By a vote of 6-1, the Oregon Fish and Wildlife Commission approved a revised wolf management plan.
It includes the use of hunting and trapping as a means of controlled take. The Oregon Department of Fish and Wildlife believes controlled take needs to remain a tool for wolf management although it proposed no such action as of now.
Commissioners made some changes related to “controlled take” from the proposed Plan. An addendum was added clearly stating that “Use of controlled take as a management tool requires Commission approval through a separate public rulemaking process” and the definition of controlled take was modified.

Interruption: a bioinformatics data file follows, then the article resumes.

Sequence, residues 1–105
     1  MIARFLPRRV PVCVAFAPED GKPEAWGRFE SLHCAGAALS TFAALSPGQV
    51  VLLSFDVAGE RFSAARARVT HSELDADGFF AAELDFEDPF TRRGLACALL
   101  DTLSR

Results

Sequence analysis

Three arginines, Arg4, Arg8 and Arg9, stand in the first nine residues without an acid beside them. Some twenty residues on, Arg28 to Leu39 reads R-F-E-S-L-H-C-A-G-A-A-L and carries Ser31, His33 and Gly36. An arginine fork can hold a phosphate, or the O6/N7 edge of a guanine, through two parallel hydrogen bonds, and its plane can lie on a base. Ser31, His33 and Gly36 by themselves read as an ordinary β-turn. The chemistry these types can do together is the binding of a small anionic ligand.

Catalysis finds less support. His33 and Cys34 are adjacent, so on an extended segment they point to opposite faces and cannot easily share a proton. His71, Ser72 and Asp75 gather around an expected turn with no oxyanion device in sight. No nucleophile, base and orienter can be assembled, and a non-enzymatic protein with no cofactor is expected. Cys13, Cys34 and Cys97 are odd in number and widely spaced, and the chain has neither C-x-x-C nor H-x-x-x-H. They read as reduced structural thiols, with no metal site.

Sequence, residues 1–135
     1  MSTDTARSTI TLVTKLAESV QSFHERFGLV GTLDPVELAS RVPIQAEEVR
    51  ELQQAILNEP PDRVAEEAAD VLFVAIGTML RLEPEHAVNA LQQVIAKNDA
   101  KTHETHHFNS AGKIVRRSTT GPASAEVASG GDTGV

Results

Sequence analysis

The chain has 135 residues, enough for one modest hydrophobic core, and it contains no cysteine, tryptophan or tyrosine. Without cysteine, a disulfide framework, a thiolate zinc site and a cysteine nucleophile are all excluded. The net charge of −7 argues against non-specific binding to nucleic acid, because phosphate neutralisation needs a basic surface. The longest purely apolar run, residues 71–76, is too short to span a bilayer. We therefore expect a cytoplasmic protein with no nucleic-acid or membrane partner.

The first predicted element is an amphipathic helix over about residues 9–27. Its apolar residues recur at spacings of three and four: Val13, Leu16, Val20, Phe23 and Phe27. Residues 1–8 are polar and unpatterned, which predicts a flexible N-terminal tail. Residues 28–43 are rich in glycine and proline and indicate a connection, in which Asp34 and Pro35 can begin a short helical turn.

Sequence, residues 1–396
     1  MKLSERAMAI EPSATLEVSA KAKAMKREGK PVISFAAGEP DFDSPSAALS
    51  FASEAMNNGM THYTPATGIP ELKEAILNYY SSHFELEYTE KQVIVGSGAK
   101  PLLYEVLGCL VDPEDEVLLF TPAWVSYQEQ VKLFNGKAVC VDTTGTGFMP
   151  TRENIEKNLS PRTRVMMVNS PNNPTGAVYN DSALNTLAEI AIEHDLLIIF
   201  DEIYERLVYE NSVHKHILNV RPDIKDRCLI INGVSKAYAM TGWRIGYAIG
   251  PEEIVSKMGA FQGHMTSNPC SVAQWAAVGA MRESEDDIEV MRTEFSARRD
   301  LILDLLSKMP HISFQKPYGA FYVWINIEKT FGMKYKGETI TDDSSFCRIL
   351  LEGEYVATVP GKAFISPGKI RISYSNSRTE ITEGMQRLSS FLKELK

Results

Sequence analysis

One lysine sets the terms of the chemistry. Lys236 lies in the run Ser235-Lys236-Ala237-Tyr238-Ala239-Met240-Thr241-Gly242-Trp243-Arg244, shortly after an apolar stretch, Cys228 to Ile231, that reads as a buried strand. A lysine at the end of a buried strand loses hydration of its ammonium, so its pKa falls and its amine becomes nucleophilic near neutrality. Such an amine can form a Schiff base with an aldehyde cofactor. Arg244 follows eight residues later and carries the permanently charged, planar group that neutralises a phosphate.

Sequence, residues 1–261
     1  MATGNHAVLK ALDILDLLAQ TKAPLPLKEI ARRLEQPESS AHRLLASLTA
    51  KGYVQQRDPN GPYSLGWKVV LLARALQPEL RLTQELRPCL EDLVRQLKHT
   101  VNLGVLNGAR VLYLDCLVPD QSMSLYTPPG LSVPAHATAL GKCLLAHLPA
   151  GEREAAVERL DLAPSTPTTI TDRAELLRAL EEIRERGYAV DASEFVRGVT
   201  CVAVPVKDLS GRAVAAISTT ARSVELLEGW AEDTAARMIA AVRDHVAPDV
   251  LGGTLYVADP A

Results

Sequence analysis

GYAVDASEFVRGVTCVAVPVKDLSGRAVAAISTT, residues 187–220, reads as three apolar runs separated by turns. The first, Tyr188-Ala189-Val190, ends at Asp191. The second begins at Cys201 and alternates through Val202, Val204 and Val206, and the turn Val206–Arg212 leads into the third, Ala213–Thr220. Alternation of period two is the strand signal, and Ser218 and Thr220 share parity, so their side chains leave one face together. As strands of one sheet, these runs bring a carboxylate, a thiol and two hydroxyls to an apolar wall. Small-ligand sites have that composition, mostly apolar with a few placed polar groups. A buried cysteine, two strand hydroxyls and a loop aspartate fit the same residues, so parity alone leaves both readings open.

Additional minor changes were made to emphasize the importance of non-lethal tools to address wolf-livestock conflict and easy access to this information. Non-lethal measures to prevent wolf-livestock conflict continue to be emphasized in all phases of the Plan, and required before any lethal control is considered.
After some discussion, Commissioners revised the definition of chronic depredation (which can lead to lethal control of wolves if non-lethals are in use and not working) in Phase 2 and 3 from two confirmed depredations with no specific time frame to two confirmed depredations in nine months.
Earlier this year, biologists counted a minimum of 137 wolves which marks a 10 percent increase over the 2018 population.
(Photo source: Oregon Department of Fish and Wildlife)